Sunday, February 5, 2012

A Train in Winter

It has been several years now, but I remember a time when I was just sick of Holocaust books. I felt like I had read so many that I was just done with them. And then I started reading them again and have been amazed by nearly every one. There are so many aspects to World War II and the Holocaust that I didn't know about. Sarah's Key by Tatiana de Rosnay created an awareness of the French experience during World War II. This weekend I read A Train in Winter: An Extraordinary Story of Women, Friendship, and Resistance in Occupied France by Caroline Moorhead. This book further educated me about the goings on in France during World War II. Moorehead has done extensive research to be able to write this book, and focuses on 230 women of the Resistance - those who opposed the German take-over in their country- who were taken by train and sent to Auschwitz. Of the 230 women, only 49 survived the years in prison and concentration camps. Moorehead has met with some of these survivors, now elderly, and written their story.

While some women were actively involved in defeating Hitler, others that were arrested and sent away were condemned for something as small as a comment in a letter stating they didn't feel the Germans would win. For that one opinion, their lives were jeopardized. The women arrested were both young and old, mothers and wives. They had such an inherent desire to do what was right that they risked everything in order to live their ideals.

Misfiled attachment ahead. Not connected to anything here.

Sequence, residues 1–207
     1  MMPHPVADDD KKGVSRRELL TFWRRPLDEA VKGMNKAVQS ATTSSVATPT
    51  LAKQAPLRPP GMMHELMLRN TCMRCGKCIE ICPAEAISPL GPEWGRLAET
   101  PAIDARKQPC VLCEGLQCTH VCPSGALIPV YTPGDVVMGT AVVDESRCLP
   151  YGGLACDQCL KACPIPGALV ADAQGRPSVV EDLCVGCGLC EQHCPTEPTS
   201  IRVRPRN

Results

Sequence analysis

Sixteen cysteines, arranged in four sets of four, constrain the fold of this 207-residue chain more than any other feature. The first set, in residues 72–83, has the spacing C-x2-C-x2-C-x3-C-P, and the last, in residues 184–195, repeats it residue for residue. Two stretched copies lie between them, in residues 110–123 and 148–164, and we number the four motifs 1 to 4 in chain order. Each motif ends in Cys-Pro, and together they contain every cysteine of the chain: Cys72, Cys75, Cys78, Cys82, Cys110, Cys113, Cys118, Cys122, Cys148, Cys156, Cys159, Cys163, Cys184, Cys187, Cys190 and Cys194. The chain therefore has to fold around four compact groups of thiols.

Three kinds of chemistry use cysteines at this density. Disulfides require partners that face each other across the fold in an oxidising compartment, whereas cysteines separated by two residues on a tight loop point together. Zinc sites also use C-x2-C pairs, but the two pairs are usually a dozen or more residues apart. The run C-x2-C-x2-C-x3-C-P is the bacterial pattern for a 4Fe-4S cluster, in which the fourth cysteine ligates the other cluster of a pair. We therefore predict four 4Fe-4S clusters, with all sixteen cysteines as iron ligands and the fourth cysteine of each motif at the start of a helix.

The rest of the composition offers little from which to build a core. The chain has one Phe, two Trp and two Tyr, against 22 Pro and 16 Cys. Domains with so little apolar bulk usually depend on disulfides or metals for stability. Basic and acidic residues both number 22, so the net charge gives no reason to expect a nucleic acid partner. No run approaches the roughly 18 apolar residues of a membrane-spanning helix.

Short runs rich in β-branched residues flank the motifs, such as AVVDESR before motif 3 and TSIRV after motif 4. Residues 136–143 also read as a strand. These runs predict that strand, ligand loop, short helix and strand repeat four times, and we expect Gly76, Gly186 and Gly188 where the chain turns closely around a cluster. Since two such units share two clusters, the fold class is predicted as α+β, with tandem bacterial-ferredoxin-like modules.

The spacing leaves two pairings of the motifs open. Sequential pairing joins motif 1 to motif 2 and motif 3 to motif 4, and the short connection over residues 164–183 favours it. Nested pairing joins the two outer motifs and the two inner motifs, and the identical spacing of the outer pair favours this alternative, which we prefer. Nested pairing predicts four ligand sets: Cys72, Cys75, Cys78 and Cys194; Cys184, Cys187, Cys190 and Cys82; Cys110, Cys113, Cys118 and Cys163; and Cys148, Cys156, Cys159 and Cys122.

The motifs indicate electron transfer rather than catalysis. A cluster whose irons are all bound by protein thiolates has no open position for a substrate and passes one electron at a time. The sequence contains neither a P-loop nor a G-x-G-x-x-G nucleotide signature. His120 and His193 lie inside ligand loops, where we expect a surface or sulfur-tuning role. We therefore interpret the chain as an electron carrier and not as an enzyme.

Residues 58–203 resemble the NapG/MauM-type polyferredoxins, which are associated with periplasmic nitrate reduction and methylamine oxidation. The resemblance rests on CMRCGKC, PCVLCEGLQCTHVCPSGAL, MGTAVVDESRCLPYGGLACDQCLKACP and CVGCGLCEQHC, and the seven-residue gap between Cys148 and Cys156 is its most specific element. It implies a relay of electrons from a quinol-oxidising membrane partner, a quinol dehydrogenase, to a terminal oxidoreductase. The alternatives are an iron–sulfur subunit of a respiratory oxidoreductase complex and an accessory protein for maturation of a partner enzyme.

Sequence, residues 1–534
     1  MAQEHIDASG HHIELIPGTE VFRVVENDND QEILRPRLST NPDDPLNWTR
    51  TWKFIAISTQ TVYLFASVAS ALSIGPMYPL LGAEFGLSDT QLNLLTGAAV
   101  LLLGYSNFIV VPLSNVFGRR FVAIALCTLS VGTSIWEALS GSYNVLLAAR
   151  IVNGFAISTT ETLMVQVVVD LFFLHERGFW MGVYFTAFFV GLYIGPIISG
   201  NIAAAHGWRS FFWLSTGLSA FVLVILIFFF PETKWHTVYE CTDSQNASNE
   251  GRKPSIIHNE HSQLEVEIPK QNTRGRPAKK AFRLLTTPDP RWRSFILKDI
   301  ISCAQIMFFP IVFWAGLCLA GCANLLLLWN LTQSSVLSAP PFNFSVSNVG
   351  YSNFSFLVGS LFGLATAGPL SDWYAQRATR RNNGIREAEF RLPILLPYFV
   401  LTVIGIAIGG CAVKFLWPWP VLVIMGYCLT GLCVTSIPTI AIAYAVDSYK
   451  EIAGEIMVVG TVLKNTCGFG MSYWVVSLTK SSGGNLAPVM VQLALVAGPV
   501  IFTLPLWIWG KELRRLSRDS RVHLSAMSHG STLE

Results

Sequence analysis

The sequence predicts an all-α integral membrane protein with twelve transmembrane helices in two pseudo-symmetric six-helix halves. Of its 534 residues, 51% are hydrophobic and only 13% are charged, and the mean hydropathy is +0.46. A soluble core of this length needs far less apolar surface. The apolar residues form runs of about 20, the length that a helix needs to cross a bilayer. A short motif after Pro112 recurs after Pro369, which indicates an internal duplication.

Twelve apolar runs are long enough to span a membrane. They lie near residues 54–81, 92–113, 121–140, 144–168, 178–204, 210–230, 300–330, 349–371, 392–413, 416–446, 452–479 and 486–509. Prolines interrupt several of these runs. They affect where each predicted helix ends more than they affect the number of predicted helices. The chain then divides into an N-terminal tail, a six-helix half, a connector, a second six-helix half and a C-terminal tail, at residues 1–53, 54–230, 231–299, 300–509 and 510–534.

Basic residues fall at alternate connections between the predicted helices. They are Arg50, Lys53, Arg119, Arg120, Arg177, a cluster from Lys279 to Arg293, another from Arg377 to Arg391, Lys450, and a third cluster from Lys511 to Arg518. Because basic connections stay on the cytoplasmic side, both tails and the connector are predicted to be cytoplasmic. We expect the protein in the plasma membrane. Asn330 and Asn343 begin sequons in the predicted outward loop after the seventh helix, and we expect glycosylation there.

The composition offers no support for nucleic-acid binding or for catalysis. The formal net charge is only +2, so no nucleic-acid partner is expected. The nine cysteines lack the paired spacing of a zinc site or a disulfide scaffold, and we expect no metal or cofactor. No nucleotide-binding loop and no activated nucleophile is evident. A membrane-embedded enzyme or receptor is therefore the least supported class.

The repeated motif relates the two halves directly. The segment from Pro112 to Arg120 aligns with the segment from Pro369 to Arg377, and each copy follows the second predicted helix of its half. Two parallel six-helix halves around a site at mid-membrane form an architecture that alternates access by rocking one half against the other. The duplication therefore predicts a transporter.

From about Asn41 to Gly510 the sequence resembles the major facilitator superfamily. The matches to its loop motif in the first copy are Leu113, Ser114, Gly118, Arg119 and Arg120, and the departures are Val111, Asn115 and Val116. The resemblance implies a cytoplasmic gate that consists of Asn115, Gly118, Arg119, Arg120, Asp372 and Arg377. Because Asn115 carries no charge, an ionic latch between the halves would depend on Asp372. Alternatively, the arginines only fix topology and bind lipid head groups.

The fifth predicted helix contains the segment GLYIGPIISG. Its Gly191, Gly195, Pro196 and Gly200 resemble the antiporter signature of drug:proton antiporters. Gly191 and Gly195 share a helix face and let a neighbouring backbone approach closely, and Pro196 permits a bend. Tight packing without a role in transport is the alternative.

While I have read other accounts of life in the concentration camps, reading about the women's own experiences was heartbreaking. I admired their will to survive and the way they looked out for each other, but it is no wonder that those who survived to see the end of the war and the liberation of the camps were forever changed.

Although I know that not only the German Jews were affected by Hitler, this book is a good reminder of how other countries were affected and changed by this madman. It is also an example of how ordinary people rise to meet challenges set before them.

A Train In Winter was not a book I breezed right through. There is a lot of information that Moorehead conveys, including the names and backgrounds of many women. I had a hard time keeping everyone straight in my mind, knowing that they may be referred to again so that I could learn what had happened to them.

This is a great piece of non-fiction about World War II, a title I will be recommending to many.

1 comment:

Christina T said...

It's been years since I read any nonfiction about the Holocaust. I needed to take a break from it after a really intense semester of researching the Holocaust and the Warsaw Ghetto in college. I have read some novels about the Holocaust like Sarah's Key and The Lost Wife. It is amazing to me that people could survive such suffering and risk so much to do what they felt was right. A Train in Winter sounds really moving and I will be adding it to my TBR list. Thanks for your review!